A Visit to Cluny

Eric and I have been doing a lot of traveling lately, and I am way behind on posting about all of our adventures. Hopefully I will catch up one of these days, but that’s probably just wishful thinking. One of these adventures was to the town of Cluny, a rural Burgundian town that is steeped in history in a grand way. Cluny is notably home to the Abbaye de Cluny as well as the Haras National (the national stud farm), but on this visit we primarily kept to the abbey.

Upon arriving in town on a Saturday morning, we found a pleasant market with a good number stands selling the usual fruits, vegetables, meats and cheeses. I recognized some of the vendors as the same ones that come to the Chalon market on Fridays and Sundays. We bought some white mulberries to try in our morning oatmeal, and they turned out to be unique addition with a strong floral quality. They were a nice alternative to the standard raisins or cranberries we usually mix in. Unfortunately, I haven’t found these anywhere else yet.

For lunch, we ate at the Café du Nord, close to the entrance of the abbey. Our meals were adequate and the price was fair, but I wasn’t overly impressed with the food. It did seem popular though and the service was reasonable.

After lunch we moved on to the abbey and spent two or three hours visiting it and wandering the grounds. The history of the abbey makes this a fascinating place, but visiting requires one to use a great deal of imagination in the process. The abbey was founded in 910, and over they centuries it developed into the epicenter of the powerful Cluniac order of the Benedictine monks and the largest church in all of Christianity until St. Peter’s Basilica was constructed. The order began to decline in the 12th century, but the church remained intact until the French Revolution. Sadly, during the French Revolution the abbey was seized as public property and was largely dismantled. All that remains today is a small part of the transept. There are some augmented reality screens throughout the grounds that will help you imagine what it used to be like, and for more context you should try to find the remains of the church that extend into the present-day town. The grounds of the abbey and the cloisters are also delightful and will give you an impression of just how large and important this place once was.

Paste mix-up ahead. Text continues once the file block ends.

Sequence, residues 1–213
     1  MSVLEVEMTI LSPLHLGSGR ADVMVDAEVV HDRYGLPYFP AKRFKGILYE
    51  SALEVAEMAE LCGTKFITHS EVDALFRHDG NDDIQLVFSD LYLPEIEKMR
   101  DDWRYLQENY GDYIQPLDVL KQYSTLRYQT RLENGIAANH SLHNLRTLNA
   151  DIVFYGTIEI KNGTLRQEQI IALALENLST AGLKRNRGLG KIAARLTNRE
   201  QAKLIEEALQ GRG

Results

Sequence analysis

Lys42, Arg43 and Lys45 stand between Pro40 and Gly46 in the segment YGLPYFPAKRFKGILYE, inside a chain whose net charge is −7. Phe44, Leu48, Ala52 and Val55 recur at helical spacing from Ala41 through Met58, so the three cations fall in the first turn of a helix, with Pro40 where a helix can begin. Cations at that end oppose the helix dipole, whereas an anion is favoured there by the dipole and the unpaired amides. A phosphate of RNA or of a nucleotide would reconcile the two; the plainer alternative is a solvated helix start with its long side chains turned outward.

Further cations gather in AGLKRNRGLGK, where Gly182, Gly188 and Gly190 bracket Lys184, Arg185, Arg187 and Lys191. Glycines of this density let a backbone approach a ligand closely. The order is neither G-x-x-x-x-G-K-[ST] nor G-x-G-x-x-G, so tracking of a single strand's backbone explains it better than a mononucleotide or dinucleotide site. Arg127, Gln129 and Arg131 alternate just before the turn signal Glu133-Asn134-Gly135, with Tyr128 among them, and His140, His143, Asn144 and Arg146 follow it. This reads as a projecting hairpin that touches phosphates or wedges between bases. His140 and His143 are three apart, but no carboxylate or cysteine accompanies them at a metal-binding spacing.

After the abbey we visited the abbey’s archaeological museum, which is free with a ticket from the abbey. It displays some of the remains of the church, including the abbey’s carved emblem. Another site in town worth visiting is La Tour des Fromages, or the Cheese Tower. It has a good view over the abbey as well as the town. We also discovered other churches in town and saw some examples of Roman houses.

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